Three managed leased lines are also used, which originate from the company’s office at Nariman Point and connect to those located at MDC and Worli.

Several respondents have established a data centre as well. For example, the Cochin Port Trust (CPT) has set up a data centre for functions such as ensuring server uptime, data recovery and backup, and storage management.

Several IT-based tools and applications are also being used. For example, Meru Cabs uses the ERP and CRM platforms. The company also utilises GPRS for ensuring connectivity with cabs that use mobile applications.

Kingfisher Airlines uses two main tools – an interface built by a few of its online travel agents to simplify the process of checking ticket availability and a SAP-based system to store operational data on an online data warehousing platform. This would enable the company to access daily, weekly or monthly data and monitor performance. Kingfisher Airlines has been using this system for several years and is currently enhancing its user friendliness.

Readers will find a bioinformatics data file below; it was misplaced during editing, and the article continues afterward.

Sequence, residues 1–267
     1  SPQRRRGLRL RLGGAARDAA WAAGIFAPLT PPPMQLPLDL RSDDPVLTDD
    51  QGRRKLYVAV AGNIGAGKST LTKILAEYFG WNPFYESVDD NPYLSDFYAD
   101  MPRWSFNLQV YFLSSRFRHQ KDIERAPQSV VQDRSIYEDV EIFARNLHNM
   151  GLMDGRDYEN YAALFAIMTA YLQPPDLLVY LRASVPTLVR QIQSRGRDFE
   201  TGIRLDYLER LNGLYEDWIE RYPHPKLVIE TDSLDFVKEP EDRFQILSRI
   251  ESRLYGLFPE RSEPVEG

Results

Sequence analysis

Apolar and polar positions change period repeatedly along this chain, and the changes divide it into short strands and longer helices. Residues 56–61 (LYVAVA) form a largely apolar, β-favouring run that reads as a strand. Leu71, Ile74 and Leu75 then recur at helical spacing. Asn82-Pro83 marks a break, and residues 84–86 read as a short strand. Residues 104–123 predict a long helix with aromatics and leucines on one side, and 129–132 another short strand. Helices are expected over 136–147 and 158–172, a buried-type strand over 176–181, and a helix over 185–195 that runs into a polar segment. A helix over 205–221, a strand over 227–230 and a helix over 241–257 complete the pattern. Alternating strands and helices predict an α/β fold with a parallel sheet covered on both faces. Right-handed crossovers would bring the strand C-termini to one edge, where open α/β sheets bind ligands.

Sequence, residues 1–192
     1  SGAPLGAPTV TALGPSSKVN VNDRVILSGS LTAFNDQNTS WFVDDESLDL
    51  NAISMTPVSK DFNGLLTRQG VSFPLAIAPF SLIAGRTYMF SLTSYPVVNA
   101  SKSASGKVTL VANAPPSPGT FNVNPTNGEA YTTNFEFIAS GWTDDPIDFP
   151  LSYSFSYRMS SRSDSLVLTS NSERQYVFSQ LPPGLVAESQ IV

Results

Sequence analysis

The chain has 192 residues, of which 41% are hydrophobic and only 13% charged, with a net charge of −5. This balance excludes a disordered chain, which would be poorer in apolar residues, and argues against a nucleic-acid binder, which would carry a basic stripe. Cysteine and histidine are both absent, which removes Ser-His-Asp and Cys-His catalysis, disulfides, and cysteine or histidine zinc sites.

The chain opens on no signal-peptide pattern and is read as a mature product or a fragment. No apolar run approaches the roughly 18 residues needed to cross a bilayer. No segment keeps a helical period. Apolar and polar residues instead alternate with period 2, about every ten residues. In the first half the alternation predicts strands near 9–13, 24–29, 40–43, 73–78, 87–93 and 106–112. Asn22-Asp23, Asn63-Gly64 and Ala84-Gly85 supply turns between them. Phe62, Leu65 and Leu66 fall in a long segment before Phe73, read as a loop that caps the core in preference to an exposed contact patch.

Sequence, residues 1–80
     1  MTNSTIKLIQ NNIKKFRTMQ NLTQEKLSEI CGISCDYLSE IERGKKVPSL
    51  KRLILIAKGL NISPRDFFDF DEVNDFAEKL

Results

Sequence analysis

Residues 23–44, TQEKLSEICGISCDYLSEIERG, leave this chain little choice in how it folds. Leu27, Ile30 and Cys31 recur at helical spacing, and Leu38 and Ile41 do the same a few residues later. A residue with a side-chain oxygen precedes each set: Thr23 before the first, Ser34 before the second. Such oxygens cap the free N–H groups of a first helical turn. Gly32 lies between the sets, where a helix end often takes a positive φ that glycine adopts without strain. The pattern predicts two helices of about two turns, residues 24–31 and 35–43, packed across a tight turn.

The internet is being leveraged as a strategic tool by most respondents. For instance, CPT utilises the internet to reach out to its customers and vendors. Users can access company information, financials, recent initiatives, etc. through the website and track the movement of their containers via GPRS-enabled mobile handsets or the website.

Service providers and vendors

Companies in the transportation space use the services of a mix of IT and telecom service providers such as BSNL, Tata Communications, Bharti Airtel, TTSL, Mahanagar Telephone Nigam Limited (MTNL), Reliance Communications, Wipro, IBM, Oracle, Ericsson, Alcatel-Lucent and Sify Technologies Limited.

Key issues and concerns

Timely technology upgradation, selecting the appropriate technology and vendor, integration of multiple technologies, the increasing cost of technology and equipment, network downtime, and the limited  availability of telecom products for the transportation segment as well as bandwidth are the major issues faced by these companies.

For example, CPT faces the issue of network downtime. According to the respondent, even a few hours of downtime can impact daily operations, especially because the port’s network needs to support large volumes of data. Also, timely technology upgradation as per requirement is a challenge for both CPT and KPT.

DIAL faces the issue of integrating multiple technologies on to one platform. According to the company respondent, “We have over 50 interfaces through which one system passes information to another. Designing and testing of these interfaces are major challenges.”